What's the Difference: Vegan vs Vegetarian
By Lenny & Larry's. Posted on January 16, 2018.
There is that great scene in “My Big, Fat, Greek Wedding” where Aunt Voula can’t comprehend the concept of a vegetarian:
Aunt Voula: What do you mean he don’t eat no meat?
(The entire room stops in shock)
Aunt Voula: Oh, that’s okay. I make lamb.
Even though vegetarianism has been around forever, people still fail to understand the true definition of the word. The umbrella category covering all of the forms of being vegetarian is vast, with many sub categories - but “vegan” is not one of them. Many people have no idea what either term actually entails with some people thinking that vegan is a shortened word or synonym for vegetarian. So let’s unpack the differences of a vegetarian diet and a vegan lifestyle for all the Aunt Voulas out there.
What Do Vegetarians Eat?
A vegetarian diet excludes eating the body parts of an animal including cow, pig, chicken, sea animals, shellfish, crustacean, mollusks and insects. Essentially, you are reducing the amount of animal suffering in your diet. Also, you are not eating products derived from slaughtered animals whether wild, farmed or domestic. However, not all vegetarians exclude dairy and eggs and tofu is often used as a replacement for meat-based products. Many individuals choose to be vegetarian for religious, health, ethical or environmental reasons. Some of the sub categories of vegetarianism include:
- Pescetarian: Avoids meat but eats fish
- Pollo-Vegetarian: Avoids meat and fish but eats poultry, dairy, and eggs
- Lacto-Vegetarians: Avoids eggs but consumes dairy products
- Ovo-Vegetarians: Avoids dairy but eats eggs
- Lacto-Ovo Vegetarians: Consumes both eggs and dairy
- Demi-Vegetarian: Avoids meat but eats fish, eggs, vegetarian cheese and milk-based products
- Flexitarian (Semi-Vegetarian): Slowly cuts back on meat
A Vegan Lifestyle Choice
First off, being a vegan is not a form of vegetarianism. Vegans do not eat any animal flesh and they do not eat eggs or dairy at all. What makes this a lifestyle choice is that it extends to eliminating all animal products from every aspect of their lives. A vegan will not use any products that have been tested on animals, including cosmetics. They will not wear any clothing made from animals like leather jackets, shoes or belts, woolen sweaters or fur coats. They will not sleep under down comforters, eat products containing gelatin, or ingest medicine capsules. A vegan leaves all animals alone to live their lives.
Veganism and Animal Rights
Vegans view vegetarianism as a stop gap on the way to veganism. Vegans believe that the dairy industry is the cruelest aspect of the meat industry. Calves are taken away from the mothers immediately at birth and the extraction of the milk from the mother is continuous torture. In the case of eggs, hens are subjected to years of confinement laying eggs, deprived of a life outside and then when they are too old their necks are snapped to provide meat. The Vegan lifestyle is much more centered around animal rights versus a health or diet choice. Their belief system is centered around animals not being on earth for the exploitation or commercialization by man. Vegans believe animals must be treated humanely and there should be a basic respect for all life.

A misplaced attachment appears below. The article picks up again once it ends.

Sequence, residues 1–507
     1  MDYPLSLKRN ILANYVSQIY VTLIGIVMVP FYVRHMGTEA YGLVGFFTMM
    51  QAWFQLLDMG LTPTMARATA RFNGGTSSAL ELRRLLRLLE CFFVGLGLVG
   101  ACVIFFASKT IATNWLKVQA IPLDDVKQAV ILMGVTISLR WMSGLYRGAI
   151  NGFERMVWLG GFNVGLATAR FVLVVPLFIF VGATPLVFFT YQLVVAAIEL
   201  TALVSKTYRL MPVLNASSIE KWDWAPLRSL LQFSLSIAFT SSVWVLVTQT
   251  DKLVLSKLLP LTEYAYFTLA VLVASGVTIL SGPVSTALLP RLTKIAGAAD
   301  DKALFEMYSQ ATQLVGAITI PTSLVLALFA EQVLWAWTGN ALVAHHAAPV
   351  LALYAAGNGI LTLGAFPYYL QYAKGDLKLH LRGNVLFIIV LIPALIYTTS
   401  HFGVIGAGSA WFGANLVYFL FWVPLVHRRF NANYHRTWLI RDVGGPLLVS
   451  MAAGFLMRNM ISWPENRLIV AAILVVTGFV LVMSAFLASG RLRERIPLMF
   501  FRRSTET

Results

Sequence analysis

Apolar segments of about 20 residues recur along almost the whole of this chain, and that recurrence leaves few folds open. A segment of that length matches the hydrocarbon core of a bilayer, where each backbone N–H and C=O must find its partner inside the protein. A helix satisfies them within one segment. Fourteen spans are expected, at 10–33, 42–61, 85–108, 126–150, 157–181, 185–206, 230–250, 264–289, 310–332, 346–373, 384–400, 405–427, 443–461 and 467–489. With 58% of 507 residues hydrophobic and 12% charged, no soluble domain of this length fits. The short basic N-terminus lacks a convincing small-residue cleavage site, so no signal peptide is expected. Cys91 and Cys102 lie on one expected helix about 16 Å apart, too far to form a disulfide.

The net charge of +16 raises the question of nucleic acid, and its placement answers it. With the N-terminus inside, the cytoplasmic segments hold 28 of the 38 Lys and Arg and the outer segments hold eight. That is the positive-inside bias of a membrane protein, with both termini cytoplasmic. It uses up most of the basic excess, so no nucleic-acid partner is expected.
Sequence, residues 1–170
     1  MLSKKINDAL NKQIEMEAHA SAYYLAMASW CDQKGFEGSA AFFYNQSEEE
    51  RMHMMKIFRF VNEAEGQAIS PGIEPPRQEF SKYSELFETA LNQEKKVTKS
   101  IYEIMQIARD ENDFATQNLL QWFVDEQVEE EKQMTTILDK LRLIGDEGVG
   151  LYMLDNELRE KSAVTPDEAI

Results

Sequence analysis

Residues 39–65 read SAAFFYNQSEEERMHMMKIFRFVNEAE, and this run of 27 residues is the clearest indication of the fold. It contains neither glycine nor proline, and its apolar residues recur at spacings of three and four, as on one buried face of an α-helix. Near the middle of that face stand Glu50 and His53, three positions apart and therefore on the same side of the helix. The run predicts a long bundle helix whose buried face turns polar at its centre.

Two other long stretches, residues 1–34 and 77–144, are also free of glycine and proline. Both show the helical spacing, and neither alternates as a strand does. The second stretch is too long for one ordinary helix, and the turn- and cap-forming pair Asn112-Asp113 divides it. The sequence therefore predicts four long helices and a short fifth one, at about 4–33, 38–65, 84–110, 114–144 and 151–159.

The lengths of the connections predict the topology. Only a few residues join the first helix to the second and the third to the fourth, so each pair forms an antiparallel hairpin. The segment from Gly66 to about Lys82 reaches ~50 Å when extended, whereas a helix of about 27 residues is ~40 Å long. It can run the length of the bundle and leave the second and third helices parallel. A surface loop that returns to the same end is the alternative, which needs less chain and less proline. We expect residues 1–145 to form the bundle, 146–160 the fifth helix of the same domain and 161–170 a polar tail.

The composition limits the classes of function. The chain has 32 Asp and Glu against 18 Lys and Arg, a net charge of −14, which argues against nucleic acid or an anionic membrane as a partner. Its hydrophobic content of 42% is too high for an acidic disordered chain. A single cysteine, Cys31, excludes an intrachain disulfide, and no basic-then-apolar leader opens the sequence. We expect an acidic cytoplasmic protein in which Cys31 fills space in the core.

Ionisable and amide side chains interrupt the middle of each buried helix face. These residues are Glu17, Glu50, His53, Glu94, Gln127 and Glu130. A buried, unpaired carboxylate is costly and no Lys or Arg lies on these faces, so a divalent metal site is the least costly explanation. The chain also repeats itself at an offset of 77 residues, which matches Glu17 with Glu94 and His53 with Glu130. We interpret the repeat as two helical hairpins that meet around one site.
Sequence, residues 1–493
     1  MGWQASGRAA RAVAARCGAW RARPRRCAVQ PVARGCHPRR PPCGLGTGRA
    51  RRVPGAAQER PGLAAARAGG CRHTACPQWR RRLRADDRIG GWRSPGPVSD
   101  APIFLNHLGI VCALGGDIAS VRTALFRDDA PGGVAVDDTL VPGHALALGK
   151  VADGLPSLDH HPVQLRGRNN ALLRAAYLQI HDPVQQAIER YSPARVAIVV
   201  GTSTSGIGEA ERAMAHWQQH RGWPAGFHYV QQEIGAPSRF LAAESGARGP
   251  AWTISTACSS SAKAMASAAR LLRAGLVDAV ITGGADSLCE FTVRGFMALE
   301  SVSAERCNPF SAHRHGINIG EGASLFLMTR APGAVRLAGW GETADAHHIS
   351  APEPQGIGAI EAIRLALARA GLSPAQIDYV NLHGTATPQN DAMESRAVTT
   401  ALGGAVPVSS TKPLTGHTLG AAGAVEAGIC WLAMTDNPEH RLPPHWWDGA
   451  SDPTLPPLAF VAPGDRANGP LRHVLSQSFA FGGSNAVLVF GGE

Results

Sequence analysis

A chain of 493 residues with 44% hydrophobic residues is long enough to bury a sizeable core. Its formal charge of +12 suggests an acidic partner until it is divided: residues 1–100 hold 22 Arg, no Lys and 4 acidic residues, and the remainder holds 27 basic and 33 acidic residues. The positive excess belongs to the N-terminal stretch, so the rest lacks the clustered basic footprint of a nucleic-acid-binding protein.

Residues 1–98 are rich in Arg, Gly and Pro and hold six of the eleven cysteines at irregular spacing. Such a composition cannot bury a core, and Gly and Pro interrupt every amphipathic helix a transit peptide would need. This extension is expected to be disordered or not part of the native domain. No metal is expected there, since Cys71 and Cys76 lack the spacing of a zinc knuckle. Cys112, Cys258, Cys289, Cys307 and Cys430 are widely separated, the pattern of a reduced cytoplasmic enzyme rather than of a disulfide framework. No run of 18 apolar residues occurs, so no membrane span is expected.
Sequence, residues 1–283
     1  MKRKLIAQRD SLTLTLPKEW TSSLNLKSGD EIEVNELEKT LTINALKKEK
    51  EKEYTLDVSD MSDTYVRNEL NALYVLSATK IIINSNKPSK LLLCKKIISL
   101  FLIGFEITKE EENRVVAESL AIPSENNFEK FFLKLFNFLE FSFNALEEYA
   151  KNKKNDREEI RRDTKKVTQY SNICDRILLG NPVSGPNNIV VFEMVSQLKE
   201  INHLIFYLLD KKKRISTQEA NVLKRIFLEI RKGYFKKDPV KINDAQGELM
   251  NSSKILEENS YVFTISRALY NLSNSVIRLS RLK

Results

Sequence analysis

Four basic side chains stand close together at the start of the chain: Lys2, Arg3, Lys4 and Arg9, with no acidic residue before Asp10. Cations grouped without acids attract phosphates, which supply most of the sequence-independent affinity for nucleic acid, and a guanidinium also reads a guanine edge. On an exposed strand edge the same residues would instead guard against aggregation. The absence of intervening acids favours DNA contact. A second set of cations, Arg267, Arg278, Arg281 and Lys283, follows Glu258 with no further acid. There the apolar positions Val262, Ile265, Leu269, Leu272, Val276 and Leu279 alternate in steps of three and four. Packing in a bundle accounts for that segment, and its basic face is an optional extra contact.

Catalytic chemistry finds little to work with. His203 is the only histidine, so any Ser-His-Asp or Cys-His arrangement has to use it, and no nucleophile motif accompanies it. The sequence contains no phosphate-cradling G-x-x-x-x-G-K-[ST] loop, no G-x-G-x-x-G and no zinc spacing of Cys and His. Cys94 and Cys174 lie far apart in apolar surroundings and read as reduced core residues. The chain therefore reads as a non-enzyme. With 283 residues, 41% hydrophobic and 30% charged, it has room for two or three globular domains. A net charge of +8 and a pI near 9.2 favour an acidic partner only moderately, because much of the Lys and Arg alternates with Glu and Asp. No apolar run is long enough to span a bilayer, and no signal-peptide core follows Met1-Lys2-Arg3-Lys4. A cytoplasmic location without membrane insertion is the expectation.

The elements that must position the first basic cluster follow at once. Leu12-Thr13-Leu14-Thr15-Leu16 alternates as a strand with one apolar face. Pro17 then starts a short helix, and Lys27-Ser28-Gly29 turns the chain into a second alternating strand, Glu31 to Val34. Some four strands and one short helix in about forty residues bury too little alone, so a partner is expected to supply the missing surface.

A Cautionary Tale
Just because a product is labeled "Vegetarian" or "Vegan Safe", doesn’t mean it doesn’t have animal products in them. You have to look for either the Vegetarian Society trademark or the Vegan Society trademark. If the product doesn’t have the trademark, then you will have to analyze the ingredients or do further research.
The Vital Dietary Benefits of Both
Plant based diets result in a wide range of health benefits. Your heart and cardiovascular systems will function optimally, your brain will fire on all cylinders, and you will live longer. You will also eradicate food allergens and there is a lower risk of contracting cancer. Haven’t you noticed how your vegan or vegetarian friends never seem to get chronically ill and have energy in spades? They also tend to have a very positive outlook on life and display robust health. And let's not forget the environmental impact of both the vegetarian diet and the vegan lifestyle...as meat-free lifestyles reduce carbon emissions. So perhaps it's time to eliminate Aunt Voula’s SAD (Standard American Diet) choice in favor of a more life enhancing one.